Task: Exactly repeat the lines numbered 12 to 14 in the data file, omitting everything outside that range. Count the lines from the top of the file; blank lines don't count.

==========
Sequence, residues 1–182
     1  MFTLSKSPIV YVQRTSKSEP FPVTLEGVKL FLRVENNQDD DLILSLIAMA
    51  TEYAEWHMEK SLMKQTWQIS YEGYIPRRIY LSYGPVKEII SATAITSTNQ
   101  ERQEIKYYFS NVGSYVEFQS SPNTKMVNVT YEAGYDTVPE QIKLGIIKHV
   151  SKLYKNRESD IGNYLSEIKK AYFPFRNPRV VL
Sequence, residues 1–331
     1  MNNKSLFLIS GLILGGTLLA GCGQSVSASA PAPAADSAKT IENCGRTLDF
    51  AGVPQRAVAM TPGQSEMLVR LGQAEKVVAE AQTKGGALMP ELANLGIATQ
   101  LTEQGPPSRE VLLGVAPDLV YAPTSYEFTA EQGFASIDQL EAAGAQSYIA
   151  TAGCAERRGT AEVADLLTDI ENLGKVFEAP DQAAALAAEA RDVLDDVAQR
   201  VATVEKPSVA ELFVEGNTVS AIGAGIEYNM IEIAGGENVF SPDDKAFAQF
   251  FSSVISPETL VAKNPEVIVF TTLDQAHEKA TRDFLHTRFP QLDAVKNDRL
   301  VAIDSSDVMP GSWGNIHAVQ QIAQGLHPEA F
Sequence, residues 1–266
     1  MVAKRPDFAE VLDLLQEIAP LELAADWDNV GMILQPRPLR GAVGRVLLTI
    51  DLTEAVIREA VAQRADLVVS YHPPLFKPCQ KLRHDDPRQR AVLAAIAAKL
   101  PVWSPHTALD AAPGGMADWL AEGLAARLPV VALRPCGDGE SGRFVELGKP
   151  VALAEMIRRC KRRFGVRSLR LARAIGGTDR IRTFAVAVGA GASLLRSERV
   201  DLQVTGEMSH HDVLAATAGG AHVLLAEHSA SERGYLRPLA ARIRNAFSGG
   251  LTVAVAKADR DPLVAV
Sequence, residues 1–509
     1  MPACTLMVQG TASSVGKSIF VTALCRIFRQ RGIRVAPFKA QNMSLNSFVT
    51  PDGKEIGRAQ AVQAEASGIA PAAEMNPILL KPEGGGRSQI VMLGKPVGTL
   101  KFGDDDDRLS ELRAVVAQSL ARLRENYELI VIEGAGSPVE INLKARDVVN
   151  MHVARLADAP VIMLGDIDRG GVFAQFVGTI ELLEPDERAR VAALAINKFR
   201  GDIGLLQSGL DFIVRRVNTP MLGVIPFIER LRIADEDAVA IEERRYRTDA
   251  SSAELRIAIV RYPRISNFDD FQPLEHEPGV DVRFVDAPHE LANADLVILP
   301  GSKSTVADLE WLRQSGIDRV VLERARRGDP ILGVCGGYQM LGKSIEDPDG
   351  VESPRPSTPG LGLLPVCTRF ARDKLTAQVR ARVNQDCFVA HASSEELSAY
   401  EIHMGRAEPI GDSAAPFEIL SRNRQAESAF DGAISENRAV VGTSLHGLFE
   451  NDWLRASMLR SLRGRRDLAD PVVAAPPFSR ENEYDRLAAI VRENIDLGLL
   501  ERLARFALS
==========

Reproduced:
   251  FSSVISPETL VAKNPEVIVF TTLDQAHEKA TRDFLHTRFP QLDAVKNDRL
   301  VAIDSSDVMP GSWGNIHAVQ QIAQGLHPEA F
Sequence, residues 1–266